Nav: Home

Antipsychotics linked to accumulation of hospital days in persons with Alzheimer's disease

October 07, 2019

People with Alzheimer's disease who used antipsychotic drugs had a higher number of accumulated hospital days than people with Alzheimer's disease who did not use antipsychotics, according to a new study from the University of Eastern Finland. The results were published in the Journal of American Medical Directors Association. During a two-year follow-up, persons who initiated antipsychotic drugs accumulated approximately eleven more hospital days per person-year.

People who initiated an antipsychotic drug accumulated more hospital days than non-initiators due to dementia, mental and behavioural disorders, diseases of the respiratory and genitourinary system, cardiovascular disorders, and different symptoms such as fatigue. In addition, people who initiated an antipsychotic drug had more hospital days due to their caregivers' days off.

All-cause hospitalisations have been suggested to proxy overall drug safety, and therefore the results may partially reflect adverse effects. However, these results also reflect difficulties in the treatment of severe behavioural and psychological symptoms of dementia. Thus, another reason for a higher accumulation of hospital days is the indication behind antipsychotic use.

The study was based on the nationwide register-based MEDALZ cohort that includes all community-dwelling persons with a clinically verified diagnosis of Alzheimer's disease in Finland during 2005-2011 (70,718 people). Data on antipsychotic use was extracted from the Finnish Prescription Register. Comorbidities, concomitant medications and time since AD diagnosis were accounted for in the analyses. The study was conducted at the University of Eastern Finland and funded by the Academy of Finland.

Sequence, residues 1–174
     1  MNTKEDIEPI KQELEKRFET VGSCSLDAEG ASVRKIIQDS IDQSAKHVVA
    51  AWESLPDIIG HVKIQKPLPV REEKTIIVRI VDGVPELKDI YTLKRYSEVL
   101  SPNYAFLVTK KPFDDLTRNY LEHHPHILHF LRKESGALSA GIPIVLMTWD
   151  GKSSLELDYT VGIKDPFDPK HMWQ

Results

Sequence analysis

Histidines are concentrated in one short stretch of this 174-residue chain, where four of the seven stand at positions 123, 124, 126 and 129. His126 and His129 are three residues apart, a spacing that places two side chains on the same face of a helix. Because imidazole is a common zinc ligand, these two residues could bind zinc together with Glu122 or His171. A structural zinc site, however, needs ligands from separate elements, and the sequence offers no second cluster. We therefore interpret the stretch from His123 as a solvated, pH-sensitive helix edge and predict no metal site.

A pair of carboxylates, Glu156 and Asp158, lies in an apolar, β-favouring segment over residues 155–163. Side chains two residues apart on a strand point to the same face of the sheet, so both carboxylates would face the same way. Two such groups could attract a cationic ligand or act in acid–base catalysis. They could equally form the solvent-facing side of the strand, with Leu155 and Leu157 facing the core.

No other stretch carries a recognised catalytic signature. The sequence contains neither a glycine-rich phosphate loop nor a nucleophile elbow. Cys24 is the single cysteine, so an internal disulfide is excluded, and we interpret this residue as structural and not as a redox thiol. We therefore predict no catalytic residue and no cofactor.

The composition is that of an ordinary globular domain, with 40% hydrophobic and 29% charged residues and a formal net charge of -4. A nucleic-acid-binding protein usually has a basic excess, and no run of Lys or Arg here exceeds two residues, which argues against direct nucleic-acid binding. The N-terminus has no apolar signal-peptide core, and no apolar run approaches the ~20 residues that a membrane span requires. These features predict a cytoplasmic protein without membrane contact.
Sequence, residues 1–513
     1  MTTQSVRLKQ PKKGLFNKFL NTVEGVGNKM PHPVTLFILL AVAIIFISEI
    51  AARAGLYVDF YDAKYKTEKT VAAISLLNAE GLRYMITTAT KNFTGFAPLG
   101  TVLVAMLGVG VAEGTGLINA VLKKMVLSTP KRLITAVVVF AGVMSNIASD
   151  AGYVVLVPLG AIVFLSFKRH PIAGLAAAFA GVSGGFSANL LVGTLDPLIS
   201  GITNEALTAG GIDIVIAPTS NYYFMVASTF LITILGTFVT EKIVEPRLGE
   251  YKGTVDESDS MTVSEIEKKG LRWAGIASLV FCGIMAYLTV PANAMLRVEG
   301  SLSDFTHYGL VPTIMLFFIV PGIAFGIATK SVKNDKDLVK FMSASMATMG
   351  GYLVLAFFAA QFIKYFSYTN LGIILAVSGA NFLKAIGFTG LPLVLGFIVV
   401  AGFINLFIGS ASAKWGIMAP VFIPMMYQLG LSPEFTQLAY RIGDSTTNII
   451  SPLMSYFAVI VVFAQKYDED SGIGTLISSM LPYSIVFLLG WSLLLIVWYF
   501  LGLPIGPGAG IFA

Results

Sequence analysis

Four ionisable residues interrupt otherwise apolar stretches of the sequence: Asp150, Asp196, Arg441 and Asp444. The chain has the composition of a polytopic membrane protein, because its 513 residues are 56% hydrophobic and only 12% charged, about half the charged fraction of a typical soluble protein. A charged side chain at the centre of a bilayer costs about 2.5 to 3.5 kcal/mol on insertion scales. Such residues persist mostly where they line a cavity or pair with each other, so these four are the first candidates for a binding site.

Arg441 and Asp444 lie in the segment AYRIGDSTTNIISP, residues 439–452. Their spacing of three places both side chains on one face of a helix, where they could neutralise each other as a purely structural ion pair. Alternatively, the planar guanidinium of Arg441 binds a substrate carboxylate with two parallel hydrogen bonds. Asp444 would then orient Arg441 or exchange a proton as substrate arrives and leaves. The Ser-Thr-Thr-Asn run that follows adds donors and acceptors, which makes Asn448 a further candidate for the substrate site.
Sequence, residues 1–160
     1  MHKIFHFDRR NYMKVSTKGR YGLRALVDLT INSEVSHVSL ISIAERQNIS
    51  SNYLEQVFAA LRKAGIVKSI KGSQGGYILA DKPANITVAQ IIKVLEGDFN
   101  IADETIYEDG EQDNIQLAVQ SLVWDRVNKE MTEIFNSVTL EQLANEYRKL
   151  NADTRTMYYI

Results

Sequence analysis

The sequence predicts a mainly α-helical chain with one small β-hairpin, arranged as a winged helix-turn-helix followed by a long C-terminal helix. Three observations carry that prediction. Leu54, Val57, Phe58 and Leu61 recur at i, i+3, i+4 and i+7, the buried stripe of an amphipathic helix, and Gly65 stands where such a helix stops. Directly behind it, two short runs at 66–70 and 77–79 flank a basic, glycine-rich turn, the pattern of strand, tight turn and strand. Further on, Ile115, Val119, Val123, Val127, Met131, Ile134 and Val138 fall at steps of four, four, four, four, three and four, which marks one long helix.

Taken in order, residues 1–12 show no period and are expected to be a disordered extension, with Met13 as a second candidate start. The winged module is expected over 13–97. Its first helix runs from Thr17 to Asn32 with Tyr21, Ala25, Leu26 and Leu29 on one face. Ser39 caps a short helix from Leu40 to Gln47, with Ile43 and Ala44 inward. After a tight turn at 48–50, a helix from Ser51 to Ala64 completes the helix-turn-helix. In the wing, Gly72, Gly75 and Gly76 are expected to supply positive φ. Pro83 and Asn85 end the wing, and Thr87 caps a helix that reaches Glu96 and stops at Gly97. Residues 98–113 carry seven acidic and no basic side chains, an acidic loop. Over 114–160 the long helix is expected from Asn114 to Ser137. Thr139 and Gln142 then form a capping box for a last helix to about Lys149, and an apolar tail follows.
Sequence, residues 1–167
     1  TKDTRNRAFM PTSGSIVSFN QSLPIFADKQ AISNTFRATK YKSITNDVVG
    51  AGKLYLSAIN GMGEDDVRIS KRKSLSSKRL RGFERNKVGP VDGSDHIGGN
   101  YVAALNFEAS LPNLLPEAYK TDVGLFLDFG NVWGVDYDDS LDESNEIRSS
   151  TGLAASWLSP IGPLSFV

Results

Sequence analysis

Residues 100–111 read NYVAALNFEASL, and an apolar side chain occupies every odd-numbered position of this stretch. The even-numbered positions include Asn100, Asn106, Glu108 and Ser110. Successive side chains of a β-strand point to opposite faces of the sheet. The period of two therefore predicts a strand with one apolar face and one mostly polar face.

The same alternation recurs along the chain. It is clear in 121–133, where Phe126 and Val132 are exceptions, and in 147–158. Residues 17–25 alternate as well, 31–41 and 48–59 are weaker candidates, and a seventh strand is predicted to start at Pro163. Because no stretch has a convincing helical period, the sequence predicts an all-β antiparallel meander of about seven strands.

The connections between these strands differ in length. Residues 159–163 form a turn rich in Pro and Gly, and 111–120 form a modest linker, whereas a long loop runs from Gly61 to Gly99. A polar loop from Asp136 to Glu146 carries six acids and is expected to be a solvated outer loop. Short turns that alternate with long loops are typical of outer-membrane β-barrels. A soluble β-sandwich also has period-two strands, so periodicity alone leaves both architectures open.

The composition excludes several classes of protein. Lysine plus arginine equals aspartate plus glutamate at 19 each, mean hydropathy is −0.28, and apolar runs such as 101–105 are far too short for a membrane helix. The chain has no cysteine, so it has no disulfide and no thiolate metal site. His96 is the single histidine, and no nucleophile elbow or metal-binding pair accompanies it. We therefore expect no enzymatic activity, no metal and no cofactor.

-end-
Contact information:

Postdoctoral Researcher Marjaana Koponen, University of Eastern Finland, School of Pharmacy, marjaana.koponen(at)uef.fi

Reference:

Koponen M, Lavikainen P, Taipale H, Tanskanen A, Tiihonen J, Hartikainen S, Tolppanen AM: Accumulation of hospital days among antipsychotic initiators with Alzheimer's disease. Journal of the American Medical Directors Association. doi: 10.1016/j.jamda.2019.07.009. In press, available online 26 Aug 2019:

https://www.jamda.com/article/S1525-8610(19)30561-4/fulltext

University of Eastern Finland

Related Dementia Articles:

Digital solutions for dementia care
Telehealth delivery of dementia care in the home can be as effective as face-to-face home visit services if carers and recipients take advantage of the technologies available, Australian researchers say.
Despite a marked reduction in the prevalence of dementia, the number of people with dementia is set to double by 2050 according to new Alzheimer Europe report
Today, at a European Parliament lunch debate, Alzheimer Europe launched a new report presenting the findings of its collaborative analysis of recent prevalence studies and setting out updated prevalence rates for dementia in Europe.
Inflammatory marker linked to dementia
Higher levels of an inflammatory marker, sCD14, were associated with brain atrophy, cognitive decline and dementia in two large heart studies.